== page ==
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MONDAY, Nov. 15 (HealthDay News) -- Withdrawing care after 72 hours from patients who survive cardiac arrest may end lives prematurely, according to research presented at the American Heart Association's Scientific Sessions 2010, held from Nov. 13 to 17 in Chicago.
Shaker M. Eid, M.D., of the Johns Hopkins Medical Institutions in Baltimore, and colleagues evaluated 47 patients who survived non-traumatic out-of-hospital cardiac arrest. Fifteen patients received prompt hypothermia, including seven surviving to discharge. In addition, 32 patients received conventional care, with 13 surviving to discharge. The investigators concluded that patients who underwent prompt hypothermia achieved substantial neurological awakening that began at day three but may not have been apparent until day seven or longer.
In a retrospective study, Keith Lurie, M.D., of the University of Minnesota in Minneapolis, and colleagues evaluated 66 patients who were admitted to a hospital in a comatose state after cardiac arrest and treated with hypothermia for 24 hours, re-warmed, and discharged alive. The investigators concluded that withdrawal of life support 72 hours after re-warming may have prematurely ended life in at least 10 percent of potentially neurologically intact survivors. In a third study, researchers evaluated 1,292 patients with out-of-hospital cardiac arrest. The investigators found that care was withdrawn within 24 hours in 59 of 177 patients admitted to an intensive care unit and cooled. Treatment was withdrawn between 25 and 72 hours in 53 patients, with treatment discontinued after 72 hours in 45 patients.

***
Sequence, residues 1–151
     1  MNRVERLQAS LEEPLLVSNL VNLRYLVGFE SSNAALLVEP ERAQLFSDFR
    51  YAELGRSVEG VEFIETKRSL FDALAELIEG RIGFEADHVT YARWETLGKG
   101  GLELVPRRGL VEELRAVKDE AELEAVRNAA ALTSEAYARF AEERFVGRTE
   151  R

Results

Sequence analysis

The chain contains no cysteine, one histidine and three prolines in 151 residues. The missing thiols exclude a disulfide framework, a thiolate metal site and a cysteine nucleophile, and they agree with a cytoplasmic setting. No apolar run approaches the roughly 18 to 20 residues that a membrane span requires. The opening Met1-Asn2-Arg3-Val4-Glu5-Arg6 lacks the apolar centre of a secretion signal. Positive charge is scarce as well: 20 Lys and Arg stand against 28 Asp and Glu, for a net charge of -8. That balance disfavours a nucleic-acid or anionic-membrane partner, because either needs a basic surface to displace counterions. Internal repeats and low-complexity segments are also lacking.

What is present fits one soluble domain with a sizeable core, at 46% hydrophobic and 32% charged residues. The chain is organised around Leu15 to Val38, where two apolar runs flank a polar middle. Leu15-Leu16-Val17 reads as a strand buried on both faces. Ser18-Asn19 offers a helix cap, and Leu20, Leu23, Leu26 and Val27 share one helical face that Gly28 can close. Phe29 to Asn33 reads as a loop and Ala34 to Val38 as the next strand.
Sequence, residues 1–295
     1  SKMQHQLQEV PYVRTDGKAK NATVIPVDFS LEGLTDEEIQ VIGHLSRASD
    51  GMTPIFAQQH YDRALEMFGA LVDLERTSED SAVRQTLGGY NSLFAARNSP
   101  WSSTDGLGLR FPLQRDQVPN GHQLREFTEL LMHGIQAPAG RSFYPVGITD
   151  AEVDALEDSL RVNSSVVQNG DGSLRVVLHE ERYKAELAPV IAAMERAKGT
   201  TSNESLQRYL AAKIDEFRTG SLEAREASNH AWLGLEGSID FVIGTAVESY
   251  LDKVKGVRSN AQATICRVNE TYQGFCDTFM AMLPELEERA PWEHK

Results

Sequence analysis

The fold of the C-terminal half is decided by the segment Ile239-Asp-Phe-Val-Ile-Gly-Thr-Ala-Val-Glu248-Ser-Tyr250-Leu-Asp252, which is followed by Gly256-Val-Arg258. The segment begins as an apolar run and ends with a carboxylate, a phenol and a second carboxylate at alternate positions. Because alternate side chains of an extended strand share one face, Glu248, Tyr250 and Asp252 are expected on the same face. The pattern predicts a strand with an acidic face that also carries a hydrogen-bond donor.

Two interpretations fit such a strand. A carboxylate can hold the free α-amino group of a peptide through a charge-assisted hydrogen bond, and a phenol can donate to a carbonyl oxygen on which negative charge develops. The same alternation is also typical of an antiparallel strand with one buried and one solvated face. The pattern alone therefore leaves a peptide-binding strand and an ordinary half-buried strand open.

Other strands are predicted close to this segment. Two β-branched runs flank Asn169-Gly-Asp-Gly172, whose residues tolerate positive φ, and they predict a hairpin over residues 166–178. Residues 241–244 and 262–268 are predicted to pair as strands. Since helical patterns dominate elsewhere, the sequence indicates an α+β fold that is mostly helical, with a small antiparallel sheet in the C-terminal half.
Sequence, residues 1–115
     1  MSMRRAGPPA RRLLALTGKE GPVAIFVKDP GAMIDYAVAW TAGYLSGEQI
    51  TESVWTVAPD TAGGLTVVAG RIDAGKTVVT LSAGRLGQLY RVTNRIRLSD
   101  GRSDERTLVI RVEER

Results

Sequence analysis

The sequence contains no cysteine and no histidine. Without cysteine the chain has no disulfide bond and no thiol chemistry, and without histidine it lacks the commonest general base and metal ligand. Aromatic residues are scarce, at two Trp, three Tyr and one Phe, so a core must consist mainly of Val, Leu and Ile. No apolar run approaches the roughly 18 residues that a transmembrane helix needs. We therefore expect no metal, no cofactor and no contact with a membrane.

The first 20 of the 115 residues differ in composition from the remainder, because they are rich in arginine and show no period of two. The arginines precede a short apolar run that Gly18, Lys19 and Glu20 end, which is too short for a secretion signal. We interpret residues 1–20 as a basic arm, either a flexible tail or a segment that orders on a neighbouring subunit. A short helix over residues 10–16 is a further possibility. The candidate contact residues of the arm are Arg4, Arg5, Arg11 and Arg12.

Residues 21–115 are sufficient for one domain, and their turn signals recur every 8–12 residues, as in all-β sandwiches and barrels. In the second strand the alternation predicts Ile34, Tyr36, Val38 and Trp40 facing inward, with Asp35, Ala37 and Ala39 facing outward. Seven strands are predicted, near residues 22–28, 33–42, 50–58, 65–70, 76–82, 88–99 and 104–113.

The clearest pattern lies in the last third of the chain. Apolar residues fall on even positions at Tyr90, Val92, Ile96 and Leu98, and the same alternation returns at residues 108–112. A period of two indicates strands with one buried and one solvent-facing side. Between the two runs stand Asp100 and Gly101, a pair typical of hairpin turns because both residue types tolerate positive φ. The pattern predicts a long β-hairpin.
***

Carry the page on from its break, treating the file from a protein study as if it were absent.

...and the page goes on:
"The timing of withdrawal of care after therapeutic hypothermia is highly variable and early withdrawal of care is common even in a system of cardiac receiving centers with specific protocols aimed at preventing early withdrawal. Additional emphasis on continuing care in post-therapeutic hypothermia patients is warranted," write the authors of the third study.
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